There’s Southwest Airlines with their creative safety briefings, Virgin America with their fancy, choreographed safety video, and then you have Air New Zealand’s recently self-proclaimed “most epic safety video” inspired by the third and last installment of the Hobbit Trilogy. From a branding and advertising perspective, this is just absolutely brilliant. Air New Zealand gets plenty of exposure for an airline that would typically fly under the radar and the LOTR and Hobbit franchise will remind viewers just how amazing that series was and to go back and watch them ALL over again (think holiday LOTR merch sales…).
Last year, Imprint’s founder, Julia Huang came back from a business trip after meeting YOSH and shared some of her Eau de Yosh samples and brand [...]
- 8 Questions With: Yosh Han
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What happened to that food show with the asian on youtube? It seems with the success of Eddie Huang’s other venture Fresh Off the Boat is no longer that, Now we get Eddie Huang’s Huang’s World.
They’ve just began to rewrap the original episodes and can be found on Vice’s food channel called Munchies. Take a moment and rewatch some of his “classic” episodes and hopefully soon we’ll get another season of Huang’s World.
Until we do… also check out the other amazing content on Munchies. It’ll get you salivating. Remember don’t watch on an empty stomach. This video below shows a real gem of a personality.
The phone call I got from ABC’s Nightline earlier this month wasn’t the first time a television producer had contacted me asking if I would provide my take on cosmetic eyelid surgery for Asians.
I never asked to be a spokesperson on the topic but I’m pretty sure it started in 2004. A reporter who was writing about the subject called the home office/garage where Giant Robot magazine was being made and was looking for quotes. I used juicy terms like “self-mutilation” and “heartbreaking.” You can read the article at womensenews.org.
After a long weekend in 2008, I played back a message on my answering machine from a producer on the Tyra Banks TV show who wanted me to talk about Asian eye jobs. The decision to appear wasn’t a slam-dunk. I was worried about coming off like a macho jerk telling grown women what to do. After some thought, I decided to go for it. At best, I’d come across as intelligent and help promote our tiny magazine. At worst, there would be hair pulling and chair throwing but a great story to tell.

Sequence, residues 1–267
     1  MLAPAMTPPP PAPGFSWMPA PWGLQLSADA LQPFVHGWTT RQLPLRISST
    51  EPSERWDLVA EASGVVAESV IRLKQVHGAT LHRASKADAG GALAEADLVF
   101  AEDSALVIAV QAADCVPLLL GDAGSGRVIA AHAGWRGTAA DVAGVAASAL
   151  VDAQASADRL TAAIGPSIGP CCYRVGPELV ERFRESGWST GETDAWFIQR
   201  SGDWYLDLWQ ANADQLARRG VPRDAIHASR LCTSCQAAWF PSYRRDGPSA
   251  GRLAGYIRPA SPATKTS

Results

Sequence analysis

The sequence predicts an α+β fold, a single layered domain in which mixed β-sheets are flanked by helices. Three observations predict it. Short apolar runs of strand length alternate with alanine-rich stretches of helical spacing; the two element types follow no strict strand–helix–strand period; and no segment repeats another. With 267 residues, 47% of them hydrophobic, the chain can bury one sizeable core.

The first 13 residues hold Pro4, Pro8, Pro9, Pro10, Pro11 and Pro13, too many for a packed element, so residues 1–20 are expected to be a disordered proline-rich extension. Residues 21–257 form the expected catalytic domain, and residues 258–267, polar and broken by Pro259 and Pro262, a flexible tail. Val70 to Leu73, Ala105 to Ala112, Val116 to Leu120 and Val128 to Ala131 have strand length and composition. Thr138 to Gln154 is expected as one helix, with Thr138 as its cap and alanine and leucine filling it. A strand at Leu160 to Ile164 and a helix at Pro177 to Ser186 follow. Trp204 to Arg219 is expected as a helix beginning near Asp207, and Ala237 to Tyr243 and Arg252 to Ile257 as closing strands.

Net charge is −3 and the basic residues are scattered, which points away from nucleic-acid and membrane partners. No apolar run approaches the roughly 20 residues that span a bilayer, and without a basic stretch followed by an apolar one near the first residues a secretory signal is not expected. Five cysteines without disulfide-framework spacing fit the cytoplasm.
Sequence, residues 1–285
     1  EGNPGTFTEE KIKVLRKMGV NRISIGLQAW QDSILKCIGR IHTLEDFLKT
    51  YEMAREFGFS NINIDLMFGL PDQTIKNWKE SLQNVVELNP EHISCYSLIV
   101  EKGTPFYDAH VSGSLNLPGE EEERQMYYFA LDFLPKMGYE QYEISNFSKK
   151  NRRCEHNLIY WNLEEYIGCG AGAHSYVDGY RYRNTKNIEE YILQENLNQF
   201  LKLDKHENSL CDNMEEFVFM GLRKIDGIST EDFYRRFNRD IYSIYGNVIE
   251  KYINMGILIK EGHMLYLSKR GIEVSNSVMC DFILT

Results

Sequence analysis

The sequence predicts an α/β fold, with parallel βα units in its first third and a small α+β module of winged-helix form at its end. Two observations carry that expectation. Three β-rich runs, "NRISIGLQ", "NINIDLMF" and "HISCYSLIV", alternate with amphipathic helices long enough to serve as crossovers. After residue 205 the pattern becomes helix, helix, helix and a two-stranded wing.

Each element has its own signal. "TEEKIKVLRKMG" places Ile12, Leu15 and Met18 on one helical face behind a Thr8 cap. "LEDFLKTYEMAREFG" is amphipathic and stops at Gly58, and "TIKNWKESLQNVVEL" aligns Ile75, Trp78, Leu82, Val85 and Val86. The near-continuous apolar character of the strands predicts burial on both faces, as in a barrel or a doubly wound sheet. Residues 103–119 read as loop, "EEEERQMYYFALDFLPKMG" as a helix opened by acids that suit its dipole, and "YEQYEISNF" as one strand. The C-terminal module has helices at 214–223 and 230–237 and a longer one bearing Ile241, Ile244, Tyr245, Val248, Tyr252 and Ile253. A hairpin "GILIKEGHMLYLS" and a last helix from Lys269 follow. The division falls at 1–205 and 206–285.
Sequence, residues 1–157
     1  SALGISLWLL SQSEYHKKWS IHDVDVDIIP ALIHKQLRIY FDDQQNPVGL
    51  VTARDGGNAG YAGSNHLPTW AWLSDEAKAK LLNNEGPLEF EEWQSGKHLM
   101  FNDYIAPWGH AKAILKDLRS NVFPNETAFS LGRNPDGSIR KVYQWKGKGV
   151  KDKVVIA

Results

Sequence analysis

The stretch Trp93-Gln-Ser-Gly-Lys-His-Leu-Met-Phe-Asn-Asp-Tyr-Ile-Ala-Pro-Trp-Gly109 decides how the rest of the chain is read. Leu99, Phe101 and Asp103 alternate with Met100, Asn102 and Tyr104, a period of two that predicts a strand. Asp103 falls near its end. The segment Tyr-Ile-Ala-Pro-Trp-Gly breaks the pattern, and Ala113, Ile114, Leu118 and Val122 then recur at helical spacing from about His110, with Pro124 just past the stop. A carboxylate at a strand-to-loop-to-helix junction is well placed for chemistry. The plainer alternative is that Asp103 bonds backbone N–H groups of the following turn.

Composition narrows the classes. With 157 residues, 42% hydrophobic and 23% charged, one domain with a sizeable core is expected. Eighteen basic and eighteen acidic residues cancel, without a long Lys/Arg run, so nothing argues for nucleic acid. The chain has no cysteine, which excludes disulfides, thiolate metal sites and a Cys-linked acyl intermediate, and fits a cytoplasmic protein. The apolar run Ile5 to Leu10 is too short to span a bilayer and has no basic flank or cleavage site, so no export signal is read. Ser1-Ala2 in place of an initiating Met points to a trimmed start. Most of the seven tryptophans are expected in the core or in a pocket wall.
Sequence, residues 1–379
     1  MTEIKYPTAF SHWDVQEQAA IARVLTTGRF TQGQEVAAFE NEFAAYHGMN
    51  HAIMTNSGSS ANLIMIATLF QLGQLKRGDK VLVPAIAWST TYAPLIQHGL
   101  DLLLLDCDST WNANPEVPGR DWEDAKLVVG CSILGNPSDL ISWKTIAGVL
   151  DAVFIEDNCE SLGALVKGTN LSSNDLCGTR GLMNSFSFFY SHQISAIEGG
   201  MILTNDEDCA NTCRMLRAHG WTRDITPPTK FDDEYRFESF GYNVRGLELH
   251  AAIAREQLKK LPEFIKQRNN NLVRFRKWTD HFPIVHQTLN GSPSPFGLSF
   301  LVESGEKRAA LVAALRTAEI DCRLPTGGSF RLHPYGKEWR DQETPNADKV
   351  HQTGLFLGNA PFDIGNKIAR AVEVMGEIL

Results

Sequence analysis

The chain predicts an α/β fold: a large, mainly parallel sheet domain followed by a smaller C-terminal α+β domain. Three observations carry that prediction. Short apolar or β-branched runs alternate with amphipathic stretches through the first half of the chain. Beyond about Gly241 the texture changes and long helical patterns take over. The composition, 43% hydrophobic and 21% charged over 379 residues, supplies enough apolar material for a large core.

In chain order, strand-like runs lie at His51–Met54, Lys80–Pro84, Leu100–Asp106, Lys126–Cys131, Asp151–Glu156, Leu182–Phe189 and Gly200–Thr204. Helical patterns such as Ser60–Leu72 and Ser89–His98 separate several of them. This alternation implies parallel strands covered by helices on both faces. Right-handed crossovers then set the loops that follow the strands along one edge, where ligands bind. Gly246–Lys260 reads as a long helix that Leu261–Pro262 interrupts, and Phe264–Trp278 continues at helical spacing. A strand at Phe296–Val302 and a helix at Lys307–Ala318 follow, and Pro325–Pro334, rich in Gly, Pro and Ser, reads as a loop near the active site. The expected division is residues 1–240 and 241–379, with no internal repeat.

The actual experience was somewhere in between. It was awkward being in the same green room as the subject of the segment and her plastic surgeon. They didn’t know that it was my task to say that cutting up her naturally Asian appearance gave a message that the Western look was superior. I think Tyra was rougher on the subject than she expected, and I told her that she looked great and did a great job before leaving.
Unlike me, I’m pretty sure the other two got paid to appear on the show and I recall them giving head shots to the assistants to pass along to Tyra. Yes, the super model looked stellar. The whole segment happened so fast that there was no time for her to say hi to guests, thank them, or get a picture taken. Oh well.
After the segment aired, I remember the more political members of the Asian zine community trashing my appearance on the show. GR was glossier, bigger, and more pop culture oriented, so a lot of them thought we were encouraging fetishism or selling out. That hurt, but it turns out those comments were nothing compared to what Tyra gets on YouTube. Yikes!
I was asked to be on Dr. Phil’s show just a year later and said, “Sure.” It wasn’t that different but they framed the cosmetic surgery on pragmatic aspects. Does the double-fold eyelid make a person look smarter? More alert? Can it help one’s grades, career, or love life? My response was that self-confidence is great but the surgery still gives a message that an Asian appearance is inferior to a more Western one.
I actually don’t remember too much about the taping except that when Dr. Phil thanked us guests and shook our hands, he had gigantic, baseball glove-sized mitts. The plastic surgeon has shared the video to promote his business and you can see it on YouTube.
CNN contacted me in 2011, and had a more international perspective than Tyra or Dr. Phil. They were profiling a 12-year-old girl in South Korea who was about to get an eye job, and asked if I’d go to the CNN headquarters for an interview by Skype. The magazine had just bit the dust after 16 years, but why not? I’d be right next door to Amoeba Records!